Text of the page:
Annual Returns Tell Investors Very Little

Posted in: Economics, General, Stock Market, Thought of the Week

This week’s Thought of the Week was written by our Chief Strategist, Mike Sorrentino. Mike talks about how unrealistic it is to use one year as a benchmark for investment performance. For instance, Warren Buffett’s company Berkshire Hathaway has outperformed the S&P 500 by over 1 million percentage points, and more than doubled its compounded annual gains. However, if you were to though the lens of annual returns, the story changes dramatically. Buffett has actually underperformed the S&P 500 a third of the years within this time period. Shorten the investment time horizon even closer, and his track record looks even worse.

A year may sound like a long time, but in the grand scheme of things, it is a time period where the most successful investor of all time has underperformed one out of every three attempts. Warren Buffett and other highly successful long-term investors know that annual returns are as meaningless as monthly, weekly, and daily returns.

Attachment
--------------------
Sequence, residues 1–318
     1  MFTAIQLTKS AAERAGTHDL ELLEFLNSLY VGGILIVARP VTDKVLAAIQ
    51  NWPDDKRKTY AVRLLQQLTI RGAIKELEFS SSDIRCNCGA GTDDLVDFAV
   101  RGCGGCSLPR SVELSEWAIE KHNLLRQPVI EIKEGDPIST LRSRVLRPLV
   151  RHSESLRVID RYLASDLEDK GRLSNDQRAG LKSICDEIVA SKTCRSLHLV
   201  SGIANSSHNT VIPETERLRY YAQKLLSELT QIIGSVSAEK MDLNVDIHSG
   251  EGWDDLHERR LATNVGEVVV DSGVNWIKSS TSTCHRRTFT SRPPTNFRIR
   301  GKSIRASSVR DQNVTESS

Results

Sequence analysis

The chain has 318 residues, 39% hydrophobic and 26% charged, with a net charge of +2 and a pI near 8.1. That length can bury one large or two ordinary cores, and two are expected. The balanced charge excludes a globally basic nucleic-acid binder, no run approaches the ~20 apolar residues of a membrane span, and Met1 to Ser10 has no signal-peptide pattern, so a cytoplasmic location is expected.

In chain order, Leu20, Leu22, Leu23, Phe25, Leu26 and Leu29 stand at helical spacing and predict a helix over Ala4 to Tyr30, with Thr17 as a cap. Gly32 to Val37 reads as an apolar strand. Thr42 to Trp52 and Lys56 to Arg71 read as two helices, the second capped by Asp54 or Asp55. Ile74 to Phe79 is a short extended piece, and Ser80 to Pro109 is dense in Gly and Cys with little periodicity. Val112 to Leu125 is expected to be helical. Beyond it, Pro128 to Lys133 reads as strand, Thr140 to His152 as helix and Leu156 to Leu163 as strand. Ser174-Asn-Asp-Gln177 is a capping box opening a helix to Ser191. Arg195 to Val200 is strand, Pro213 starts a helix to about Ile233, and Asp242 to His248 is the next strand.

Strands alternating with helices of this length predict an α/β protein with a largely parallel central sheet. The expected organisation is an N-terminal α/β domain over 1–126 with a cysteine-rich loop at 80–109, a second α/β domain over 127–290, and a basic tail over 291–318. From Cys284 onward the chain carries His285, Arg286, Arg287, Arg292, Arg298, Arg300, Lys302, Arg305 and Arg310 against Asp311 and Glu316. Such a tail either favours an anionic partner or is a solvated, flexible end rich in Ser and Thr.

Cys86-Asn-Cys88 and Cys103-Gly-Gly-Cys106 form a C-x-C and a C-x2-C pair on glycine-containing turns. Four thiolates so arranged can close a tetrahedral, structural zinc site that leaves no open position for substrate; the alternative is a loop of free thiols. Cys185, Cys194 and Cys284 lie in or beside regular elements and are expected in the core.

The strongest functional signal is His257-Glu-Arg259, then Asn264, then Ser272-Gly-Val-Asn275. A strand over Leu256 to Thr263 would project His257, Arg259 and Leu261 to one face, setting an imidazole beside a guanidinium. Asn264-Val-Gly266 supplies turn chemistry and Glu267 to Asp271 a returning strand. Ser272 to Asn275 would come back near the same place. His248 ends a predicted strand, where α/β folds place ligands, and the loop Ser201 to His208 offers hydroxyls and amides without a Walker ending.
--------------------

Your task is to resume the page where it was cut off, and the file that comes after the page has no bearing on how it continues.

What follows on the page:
Take off the blinders that this industry has forced upon us all, and focus on the bigger picture. The bottom line is that trying to beat the market and/or avoid down periods each year for an extended amount of time is impossible, so don’t even try. Doing so only risks doing more harm than good to a nest egg.

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As an Investment Advisory Representative working in conjunction with Global Financial Private Capital (GFPC) we are provided weekly thoughts on what is happening in the economy and the market. Written by our investment committee at GFPC we find these thoughts to be informative and interesting.